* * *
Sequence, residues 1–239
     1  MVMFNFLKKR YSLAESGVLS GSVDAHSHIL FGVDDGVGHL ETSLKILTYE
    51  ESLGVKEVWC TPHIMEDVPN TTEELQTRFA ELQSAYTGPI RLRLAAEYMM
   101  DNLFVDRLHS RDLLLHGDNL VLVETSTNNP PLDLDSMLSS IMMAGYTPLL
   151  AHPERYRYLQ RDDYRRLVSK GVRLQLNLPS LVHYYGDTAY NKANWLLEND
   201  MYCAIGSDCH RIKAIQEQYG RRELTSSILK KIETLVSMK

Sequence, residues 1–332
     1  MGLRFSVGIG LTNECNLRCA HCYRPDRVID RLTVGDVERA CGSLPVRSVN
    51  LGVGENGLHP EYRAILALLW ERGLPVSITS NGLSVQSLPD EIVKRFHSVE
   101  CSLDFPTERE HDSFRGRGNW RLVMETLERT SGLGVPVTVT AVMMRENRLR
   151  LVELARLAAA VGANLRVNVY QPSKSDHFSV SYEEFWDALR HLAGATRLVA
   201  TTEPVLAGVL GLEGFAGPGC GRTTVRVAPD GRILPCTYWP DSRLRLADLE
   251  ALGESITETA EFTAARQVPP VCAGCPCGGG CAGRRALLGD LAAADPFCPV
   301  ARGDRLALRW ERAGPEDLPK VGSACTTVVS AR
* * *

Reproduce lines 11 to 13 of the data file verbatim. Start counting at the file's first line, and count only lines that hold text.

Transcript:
   151  LVELARLAAA VGANLRVNVY QPSKSDHFSV SYEEFWDALR HLAGATRLVA
   201  TTEPVLAGVL GLEGFAGPGC GRTTVRVAPD GRILPCTYWP DSRLRLADLE
   251  ALGESITETA EFTAARQVPP VCAGCPCGGG CAGRRALLGD LAAADPFCPV